14 January 2013

My Take on D&D and the Edition Wars

I, along with Cthulhu-only-knows how many other people, was introduced to the RPG hobby by way of Dungeons & Dragons. For me, it was 3rd Edition in 2002-2003. I played 3E pretty heavily through middle school and ran a good, low-level campaign in high school. A month after my senior year ended, 4E came out, and at first I was completely against the idea. For me, 3E was D&D, period. Spellcasters were insanely powerful at higher levels, system mastery was a good thing, and the fact that I had 15+ core books and supplements meant that I was looked at as the resident D&D expert. I didn't want to switch mostly for a pretty simple reason: I had sunk hundreds of dollars into 3E/3.5 D&D and I didn't want all those books to suddenly become unusable. 

I was against 4E for the first year after it came out. I didn't care for what I heard, which was mostly edition war bullshit like "D&D is just like World of Warcraft now!" and "fighter powers are just spells!" Nothing I heard appealed to me. I bought into all the bullshit about 4E without checking it out for myself. I didn't get D&D Insider, I didn't get the Player's Handbook, and I barely even looked at the official website. Yeah, I was kind of a dumbass at age 18, but then again, what 18-year-old isn't?

It wasn't just 4E, either. I bought a box full of D&D books from a yard sale for all of five bucks and ended up reselling most of it for a small profit without even looking through them for more than an hour for the whole box. As I recall, my words were, "I play 3rd Edition, not 2nd. This stuff is worthless to me." In hindsight, I'd really like to go back and change that attitude. That box had everything I'd have needed to play 2nd Edition AD&D, and instead of keeping it around, I chucked it without a second thought.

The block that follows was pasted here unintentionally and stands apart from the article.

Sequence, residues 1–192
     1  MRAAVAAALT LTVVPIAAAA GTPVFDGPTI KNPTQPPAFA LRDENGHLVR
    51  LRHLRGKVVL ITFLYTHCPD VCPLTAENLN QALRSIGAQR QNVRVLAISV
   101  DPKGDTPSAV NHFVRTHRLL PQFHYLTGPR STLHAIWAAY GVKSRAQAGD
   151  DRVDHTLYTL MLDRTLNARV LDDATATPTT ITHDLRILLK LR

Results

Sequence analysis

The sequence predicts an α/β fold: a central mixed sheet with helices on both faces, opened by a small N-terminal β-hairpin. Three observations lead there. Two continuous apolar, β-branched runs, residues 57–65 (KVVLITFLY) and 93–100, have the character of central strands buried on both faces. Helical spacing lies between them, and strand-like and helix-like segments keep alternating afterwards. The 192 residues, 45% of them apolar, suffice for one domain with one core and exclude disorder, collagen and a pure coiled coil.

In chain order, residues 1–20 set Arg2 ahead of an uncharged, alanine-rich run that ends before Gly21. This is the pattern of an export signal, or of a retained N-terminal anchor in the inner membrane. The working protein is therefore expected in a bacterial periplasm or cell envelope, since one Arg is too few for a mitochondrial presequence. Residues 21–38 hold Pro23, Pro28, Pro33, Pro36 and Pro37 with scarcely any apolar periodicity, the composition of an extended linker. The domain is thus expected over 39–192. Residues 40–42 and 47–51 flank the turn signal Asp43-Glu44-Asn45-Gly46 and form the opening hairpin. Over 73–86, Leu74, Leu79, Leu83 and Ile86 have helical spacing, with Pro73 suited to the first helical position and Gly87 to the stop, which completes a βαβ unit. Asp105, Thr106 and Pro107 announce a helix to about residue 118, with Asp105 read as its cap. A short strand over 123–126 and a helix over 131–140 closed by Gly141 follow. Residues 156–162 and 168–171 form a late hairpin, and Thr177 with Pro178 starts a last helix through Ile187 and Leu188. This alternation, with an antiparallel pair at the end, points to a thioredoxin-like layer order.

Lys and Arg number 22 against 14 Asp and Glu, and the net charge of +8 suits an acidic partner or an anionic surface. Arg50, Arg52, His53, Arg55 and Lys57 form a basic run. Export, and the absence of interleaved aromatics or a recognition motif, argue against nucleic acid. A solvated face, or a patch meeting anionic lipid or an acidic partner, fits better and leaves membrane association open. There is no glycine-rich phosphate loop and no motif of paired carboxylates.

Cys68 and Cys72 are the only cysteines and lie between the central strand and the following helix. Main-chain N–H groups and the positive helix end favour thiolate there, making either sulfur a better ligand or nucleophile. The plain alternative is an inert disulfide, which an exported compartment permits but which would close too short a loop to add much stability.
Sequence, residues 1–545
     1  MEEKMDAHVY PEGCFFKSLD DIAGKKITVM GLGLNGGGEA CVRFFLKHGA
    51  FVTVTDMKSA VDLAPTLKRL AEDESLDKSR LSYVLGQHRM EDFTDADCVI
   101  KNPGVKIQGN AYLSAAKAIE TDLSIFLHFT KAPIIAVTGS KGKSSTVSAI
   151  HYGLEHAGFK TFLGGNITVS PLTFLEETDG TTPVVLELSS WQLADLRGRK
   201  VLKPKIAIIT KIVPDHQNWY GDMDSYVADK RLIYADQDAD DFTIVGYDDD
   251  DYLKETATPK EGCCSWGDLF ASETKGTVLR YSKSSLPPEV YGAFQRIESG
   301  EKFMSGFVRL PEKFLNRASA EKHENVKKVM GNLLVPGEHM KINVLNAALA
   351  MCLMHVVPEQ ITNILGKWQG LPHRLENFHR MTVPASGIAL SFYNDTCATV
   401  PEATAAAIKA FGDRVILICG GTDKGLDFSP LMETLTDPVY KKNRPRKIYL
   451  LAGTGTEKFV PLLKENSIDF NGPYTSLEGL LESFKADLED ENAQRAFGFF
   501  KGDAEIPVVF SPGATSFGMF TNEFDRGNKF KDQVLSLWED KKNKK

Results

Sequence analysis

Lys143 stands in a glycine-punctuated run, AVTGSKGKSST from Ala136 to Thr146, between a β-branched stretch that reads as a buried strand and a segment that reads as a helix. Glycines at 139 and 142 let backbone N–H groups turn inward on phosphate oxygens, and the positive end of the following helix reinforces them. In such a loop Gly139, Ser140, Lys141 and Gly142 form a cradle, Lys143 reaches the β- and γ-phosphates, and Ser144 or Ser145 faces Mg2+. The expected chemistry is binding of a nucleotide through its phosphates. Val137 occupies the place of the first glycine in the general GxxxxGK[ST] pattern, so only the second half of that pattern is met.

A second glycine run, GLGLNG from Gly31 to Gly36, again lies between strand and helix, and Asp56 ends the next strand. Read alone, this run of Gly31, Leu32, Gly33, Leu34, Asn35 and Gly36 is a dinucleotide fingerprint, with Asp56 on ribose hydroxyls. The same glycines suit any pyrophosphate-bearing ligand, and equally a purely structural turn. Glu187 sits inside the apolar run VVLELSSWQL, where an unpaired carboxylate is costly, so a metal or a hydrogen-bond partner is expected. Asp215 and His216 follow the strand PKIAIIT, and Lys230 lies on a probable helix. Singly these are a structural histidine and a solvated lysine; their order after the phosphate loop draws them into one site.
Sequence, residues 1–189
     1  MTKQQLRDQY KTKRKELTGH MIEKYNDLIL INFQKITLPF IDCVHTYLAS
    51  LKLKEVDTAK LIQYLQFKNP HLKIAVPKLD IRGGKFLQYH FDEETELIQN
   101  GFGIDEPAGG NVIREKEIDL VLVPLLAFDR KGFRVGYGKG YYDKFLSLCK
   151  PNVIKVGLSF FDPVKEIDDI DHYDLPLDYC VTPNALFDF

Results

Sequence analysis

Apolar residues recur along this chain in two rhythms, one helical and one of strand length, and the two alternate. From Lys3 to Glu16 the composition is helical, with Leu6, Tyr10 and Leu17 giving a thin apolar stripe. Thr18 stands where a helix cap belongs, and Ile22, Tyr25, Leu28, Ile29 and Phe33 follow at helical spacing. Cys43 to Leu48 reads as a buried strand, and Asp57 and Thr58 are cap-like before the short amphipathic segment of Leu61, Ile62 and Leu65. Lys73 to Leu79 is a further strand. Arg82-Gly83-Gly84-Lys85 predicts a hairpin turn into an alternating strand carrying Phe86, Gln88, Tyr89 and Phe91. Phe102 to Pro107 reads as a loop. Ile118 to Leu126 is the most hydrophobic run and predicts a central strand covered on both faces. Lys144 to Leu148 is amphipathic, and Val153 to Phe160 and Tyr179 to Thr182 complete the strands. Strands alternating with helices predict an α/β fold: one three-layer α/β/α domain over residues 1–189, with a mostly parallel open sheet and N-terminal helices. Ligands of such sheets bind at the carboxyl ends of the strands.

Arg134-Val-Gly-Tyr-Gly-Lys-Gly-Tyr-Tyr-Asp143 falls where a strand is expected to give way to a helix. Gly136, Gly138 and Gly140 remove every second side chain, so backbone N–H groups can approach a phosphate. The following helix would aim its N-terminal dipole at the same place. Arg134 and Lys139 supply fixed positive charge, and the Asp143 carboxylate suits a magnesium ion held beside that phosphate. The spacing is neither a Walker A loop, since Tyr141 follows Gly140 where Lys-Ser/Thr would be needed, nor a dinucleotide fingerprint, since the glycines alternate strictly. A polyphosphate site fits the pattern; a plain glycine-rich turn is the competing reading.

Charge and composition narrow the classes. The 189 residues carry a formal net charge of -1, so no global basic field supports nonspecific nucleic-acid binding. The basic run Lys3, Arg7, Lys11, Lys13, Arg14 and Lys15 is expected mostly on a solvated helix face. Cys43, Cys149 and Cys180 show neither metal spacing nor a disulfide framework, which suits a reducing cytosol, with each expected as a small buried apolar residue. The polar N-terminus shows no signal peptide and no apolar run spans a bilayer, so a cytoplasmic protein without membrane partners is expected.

Anyway, I headed down to the used bookstore in town while I was on vacation while my family ran errands. While I was waiting, I figured I'd check out the store's D&D selection. Turns out, I owned all of the 3E/3.5 stuff they had, so there was no real point in me looking through their copies when I had my own at home. Seeing no other option other than perusing their wreck of a sci-fi paperback section, I grabbed the 4E Player's Handbook and started flipping through it. 

After twenty minutes of being completely engrossed by the book, I realized something: all the edition warring, all the "4E isn't real D&D!" that I'd been involved in was complete and utter bullshit. 4E's take on dragonborn took 3.5's dragonborn and changed all the things that I'd changed through houserules. Their rebirth and dedication to Bahamut? Gone. Their "must be good and noble" nature? Gone. The more I read, the more I realized that 4E might actually be a game I could play and enjoy. When my family showed up, I bought the book (brand new, luckily enough) and I walked out happy.

Since then, I've played probably a dozen games of 4E and loved every minute of it. I discovered a new love for playing fighters and other martial characters, something I almost never played in 3.5. Other than a brief foray into Pathfinder, I haven't gone back to 3.5 and probably won't for the foreseeable future. 4E is my D&D of choice now.

Having said all that, what I've been noticing more and more in the hobby is the edition wars. 4E vs. 3.5, new school vs. old school, Vancian vs. non-Vancian, etc. While I understand that D&D is extremely important to some people, myself included, I've come to realize that it's not worth all the bullshit fights between fans of different versions of the game. If you've found a version that works for you, more power to you. Play the shit out of it and get all the love out of the game that you can. For me, I'll play any edition once. I'm currently in a game of Dark Dungeons, an awesome retroclone of the Rules Cyclopedia version of D&D, that is possibly the best play-by-post game I've ever played. The best part? Even though it's completely different from any other version of D&D I've played, it still feels like D&D.

So what's the message out of this wall of text and paragraphs? Fuck the edition wars. Fuck the fighting, fuck the arguments, fuck all of it. Converse and discuss all you want, but always keep this message in the back of your mind: Play your version of D&D, and let everyone else play theirs. There is no one, pure, true D&D. There's a thousand variants, a million houserules, and that's cool. The most important thing is that you enjoy the game you play.

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